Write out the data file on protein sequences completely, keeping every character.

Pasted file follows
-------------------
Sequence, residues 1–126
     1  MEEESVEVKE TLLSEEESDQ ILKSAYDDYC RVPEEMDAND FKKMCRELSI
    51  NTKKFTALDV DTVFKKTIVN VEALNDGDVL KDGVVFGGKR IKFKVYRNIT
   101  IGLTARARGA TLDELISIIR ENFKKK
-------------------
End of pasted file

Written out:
Sequence, residues 1–126
     1  MEEESVEVKE TLLSEEESDQ ILKSAYDDYC RVPEEMDAND FKKMCRELSI
    51  NTKKFTALDV DTVFKKTIVN VEALNDGDVL KDGVVFGGKR IKFKVYRNIT
   101  IGLTARARGA TLDELISIIR ENFKKK